Is David Blunkett's target of ensuring that 80 per cent of 11-year-olds reach national curriculum level 4 in English, and 75 per cent in maths, realistic? Or is David Hart's wet blanket on behalf of the National Association of Head Teachers a matter of simple common sense?
Time will tell, but in the meantime an answer can come only from analysis of who is reaching level 4 and who is not, and from an assessment of the chances of improving their performance.
In literacy, one positive indicator is that most pupils not at level 4 - 35 per cent of boys and 25 per cent of girls - are at level 3.
In 1996, 65 per cent of girls and 50 per cent of boys reached level 4 in English (for maths, the figure was 54 per cent for both sexes). Among seven-year-olds, 26 per cent of boys were at or below level 1 in reading, and 30 per cent in writing - the respective figures for girls were 16 per cent and 17 per cent.
These margins are crucial to the target. It seems that the teaching of English is at present more effective for girls, and, as girls have made up any previous gap in maths, that teaching overall needs to be made more effective for boys.
The recent Secondary Heads Association publication Can Boys Do Better? should spark a similar primary initiative from the NAHT, and we need speedy research from the School Curriculum and Assessment Authority to discover how far the problems at 11 are related to writing and how far to reading. We also need to know soon how far the National Literacy Project is enabling boys to improve. Research in progress further suggests that gender differences in language use and development begin early. This needs to be considered in nursery provision and in enhancing the educational role of health visitors.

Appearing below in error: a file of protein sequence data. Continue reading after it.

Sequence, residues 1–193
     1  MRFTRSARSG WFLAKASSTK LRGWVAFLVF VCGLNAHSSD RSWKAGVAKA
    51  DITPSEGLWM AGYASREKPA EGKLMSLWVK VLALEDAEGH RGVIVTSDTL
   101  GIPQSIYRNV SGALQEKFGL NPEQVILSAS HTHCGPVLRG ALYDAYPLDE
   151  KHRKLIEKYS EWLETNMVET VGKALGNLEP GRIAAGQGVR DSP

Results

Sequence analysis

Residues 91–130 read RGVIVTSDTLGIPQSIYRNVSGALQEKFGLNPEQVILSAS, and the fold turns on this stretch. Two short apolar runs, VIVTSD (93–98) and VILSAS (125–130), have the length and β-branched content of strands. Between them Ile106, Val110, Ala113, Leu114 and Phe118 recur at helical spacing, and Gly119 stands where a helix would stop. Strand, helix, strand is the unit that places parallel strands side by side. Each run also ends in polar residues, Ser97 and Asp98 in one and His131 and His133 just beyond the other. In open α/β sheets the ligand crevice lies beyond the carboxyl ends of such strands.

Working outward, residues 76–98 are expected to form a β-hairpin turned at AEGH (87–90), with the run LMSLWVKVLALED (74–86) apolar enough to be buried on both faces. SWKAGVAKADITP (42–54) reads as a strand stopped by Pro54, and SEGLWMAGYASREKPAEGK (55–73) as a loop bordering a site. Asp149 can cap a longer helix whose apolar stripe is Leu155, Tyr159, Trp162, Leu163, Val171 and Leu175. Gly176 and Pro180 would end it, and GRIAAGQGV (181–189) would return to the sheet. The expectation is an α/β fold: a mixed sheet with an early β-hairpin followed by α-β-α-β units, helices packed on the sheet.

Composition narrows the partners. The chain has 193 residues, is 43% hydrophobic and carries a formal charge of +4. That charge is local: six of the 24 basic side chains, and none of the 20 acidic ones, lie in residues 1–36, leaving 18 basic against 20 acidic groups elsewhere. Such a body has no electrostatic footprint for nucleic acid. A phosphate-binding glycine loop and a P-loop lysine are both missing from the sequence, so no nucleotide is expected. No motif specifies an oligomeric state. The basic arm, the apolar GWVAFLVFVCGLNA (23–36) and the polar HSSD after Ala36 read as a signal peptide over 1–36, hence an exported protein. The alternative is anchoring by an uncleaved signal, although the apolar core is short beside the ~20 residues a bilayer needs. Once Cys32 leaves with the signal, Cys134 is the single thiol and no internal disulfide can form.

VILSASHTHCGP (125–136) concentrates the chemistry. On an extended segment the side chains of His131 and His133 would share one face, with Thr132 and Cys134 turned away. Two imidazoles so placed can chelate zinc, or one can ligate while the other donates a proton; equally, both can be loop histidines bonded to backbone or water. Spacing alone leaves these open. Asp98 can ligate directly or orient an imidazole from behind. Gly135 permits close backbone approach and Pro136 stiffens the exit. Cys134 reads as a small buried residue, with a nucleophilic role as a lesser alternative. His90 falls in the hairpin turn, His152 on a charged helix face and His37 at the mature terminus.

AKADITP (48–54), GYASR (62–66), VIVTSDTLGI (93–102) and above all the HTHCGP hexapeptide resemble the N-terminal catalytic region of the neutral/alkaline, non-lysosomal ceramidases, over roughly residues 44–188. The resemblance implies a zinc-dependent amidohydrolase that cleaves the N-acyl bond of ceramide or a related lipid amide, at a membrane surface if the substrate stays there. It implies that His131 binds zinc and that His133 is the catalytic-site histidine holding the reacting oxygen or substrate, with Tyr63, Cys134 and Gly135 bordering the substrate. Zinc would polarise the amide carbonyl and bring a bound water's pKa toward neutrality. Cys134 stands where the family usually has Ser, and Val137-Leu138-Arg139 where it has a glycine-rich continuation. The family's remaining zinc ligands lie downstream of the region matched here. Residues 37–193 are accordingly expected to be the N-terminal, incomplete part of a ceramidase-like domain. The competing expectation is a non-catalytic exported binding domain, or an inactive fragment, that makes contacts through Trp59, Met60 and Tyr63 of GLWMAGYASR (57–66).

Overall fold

Labour's target allows for pupils who have special educational needs: the Warnock Committee's guesstimate of a fifth with a special need at some time in their school career should not rule out national expectations for all of these pupils at 11. However, Labour's Literacy Task Force is right to include children who have English as an additional language in the overall target. Most are now wholly educated in British schools, and their progress is hindered both by the continued use of a separate language development scale developed in the late seventies, and by a division of funds between the Home Office and the Department for Education and Employment. David Blunkett needs Jack Straw's co-operation to bring all additional funds under DFEE control.
At present, effective schools with large proportions of ethnic minority pupils are getting just over half of their pupils to level 4. If these schools can be helped to improve further, and others brought up to their standard, the inclusion of ethnic minority pupils need not jeopardise the overall target.
The biggest hurdle, however, remains improving the attainment of six out of seven of the boys currently at level 3. This really is a tough target. It implies a major cultural change and a much more intensive approach to all aspects of the national curriculum, including much more attention to detail from pupils. Among the girls, two-thirds of those currently at level 3 will have to improve to level 4. This will take careful teaching, focused on extending their skills and understanding, rather than on consolidati on. The task is no less difficult for being smaller in scale.
So, can it be done? I think so, just. But it will take from all of us the same commitment to working for literacy as our first priority that David Blunkett has shown himself.
John Bald's new book, The Literacy File, costs #163;24.95 from J Bald, literacy and language specialist, 7 Symonds Lane, Linton, Cambs CB1 6HY.